Over the weekend my daughter and her dad got into a conversation about equations and how what is on the one side always balances with the other side. She actually jumped onto the idea and ended up asking more and more questions. I was so impressed how a chat between father and daughter ended up being this amazing Maths session.
So this week I thought it would be good to go over the equation chat with her and use some visual tools just to make sure she really understood everything. We started off really simple. 10 snap cubes = 10 snap cubes. So if we add 2 more snap cubes onto side of the equation is it still balanced ? If not what do we need to do ? We need to add 2 snap cubes on the other side as well.
What if we subtracted 5 snap cubes from one side ? Do the two side still match ? No so we need to subtract 5 from the other side as well.
Keeping with the idea that the two sides must always be balanced we then broke it down into sums. Instead of saying 10 = 10 how else can we represent it. If 10 = 5 + 5 and if 10 = 8+2 then we can also say 5+5 =8+2. Are the two sides still balanced ? Does it make a difference if we write a total or a sum ?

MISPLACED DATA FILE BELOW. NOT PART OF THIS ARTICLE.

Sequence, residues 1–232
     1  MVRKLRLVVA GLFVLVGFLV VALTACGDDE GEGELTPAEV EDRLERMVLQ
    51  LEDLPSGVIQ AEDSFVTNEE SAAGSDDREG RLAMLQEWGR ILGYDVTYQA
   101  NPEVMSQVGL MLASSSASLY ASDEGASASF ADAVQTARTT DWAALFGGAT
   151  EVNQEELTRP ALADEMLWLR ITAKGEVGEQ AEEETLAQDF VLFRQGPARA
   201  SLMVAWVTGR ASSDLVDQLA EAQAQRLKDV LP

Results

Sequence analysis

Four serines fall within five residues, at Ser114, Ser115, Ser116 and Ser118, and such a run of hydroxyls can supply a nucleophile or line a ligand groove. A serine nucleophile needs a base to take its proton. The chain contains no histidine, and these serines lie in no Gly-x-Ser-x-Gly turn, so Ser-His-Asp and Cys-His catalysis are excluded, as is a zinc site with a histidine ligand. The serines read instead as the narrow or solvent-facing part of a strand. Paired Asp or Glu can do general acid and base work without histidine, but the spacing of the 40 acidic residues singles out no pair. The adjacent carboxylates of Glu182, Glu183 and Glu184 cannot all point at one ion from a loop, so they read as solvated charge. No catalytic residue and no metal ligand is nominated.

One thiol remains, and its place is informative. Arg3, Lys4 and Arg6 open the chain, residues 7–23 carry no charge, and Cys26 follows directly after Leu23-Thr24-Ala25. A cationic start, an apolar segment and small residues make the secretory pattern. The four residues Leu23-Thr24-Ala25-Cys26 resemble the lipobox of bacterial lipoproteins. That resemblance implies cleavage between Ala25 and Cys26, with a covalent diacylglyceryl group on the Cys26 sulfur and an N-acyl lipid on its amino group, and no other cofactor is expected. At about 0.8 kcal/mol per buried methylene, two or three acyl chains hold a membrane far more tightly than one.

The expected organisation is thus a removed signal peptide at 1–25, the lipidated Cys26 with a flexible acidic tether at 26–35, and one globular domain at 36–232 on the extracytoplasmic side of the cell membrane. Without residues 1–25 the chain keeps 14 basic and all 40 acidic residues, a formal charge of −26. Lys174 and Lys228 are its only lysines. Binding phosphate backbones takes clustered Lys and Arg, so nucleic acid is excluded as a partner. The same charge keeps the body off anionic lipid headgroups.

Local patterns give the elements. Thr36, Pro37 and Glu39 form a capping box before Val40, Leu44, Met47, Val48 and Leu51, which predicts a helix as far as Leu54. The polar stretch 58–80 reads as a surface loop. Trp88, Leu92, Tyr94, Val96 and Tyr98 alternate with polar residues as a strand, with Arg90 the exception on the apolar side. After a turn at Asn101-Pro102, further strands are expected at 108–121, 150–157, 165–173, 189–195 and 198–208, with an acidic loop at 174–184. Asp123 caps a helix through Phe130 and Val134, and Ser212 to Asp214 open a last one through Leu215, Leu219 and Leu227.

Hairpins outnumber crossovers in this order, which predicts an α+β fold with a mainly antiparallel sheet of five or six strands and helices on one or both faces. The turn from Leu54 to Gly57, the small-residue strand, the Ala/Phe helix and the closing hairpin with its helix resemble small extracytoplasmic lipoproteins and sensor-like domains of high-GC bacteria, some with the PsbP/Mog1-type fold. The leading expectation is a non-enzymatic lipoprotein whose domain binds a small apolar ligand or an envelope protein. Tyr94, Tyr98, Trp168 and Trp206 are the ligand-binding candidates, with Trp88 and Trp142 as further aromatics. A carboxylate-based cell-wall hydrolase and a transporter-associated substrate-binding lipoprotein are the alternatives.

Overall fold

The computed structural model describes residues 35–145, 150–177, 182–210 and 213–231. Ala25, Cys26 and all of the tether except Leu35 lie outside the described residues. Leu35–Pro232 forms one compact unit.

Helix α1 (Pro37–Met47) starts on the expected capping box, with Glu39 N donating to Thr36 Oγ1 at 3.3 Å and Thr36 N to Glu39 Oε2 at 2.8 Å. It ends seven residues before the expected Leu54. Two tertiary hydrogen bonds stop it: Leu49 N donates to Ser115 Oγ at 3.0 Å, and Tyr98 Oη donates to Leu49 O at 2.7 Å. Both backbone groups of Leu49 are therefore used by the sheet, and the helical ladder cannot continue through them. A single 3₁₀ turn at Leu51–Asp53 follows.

She quickly branched off and created a whole series of equations showing which two sums can be equal. According to my daughter what makes the most sense for her is when we speak about balancing the two sides (like a see-saw what is on one side must be the same as the other side so that see-saw is balanced. If one side is more than the see-saw would not be balanced).
And last night I noticed a few pieces of paper on her desk all with different equations on. Equations that she had written out just because she wanted too, no-one asked, it was not part of any “learning activity” I had set. She was just practicing writing out some equations.
I am thrilled that she is starting to see Maths as something that she can understand.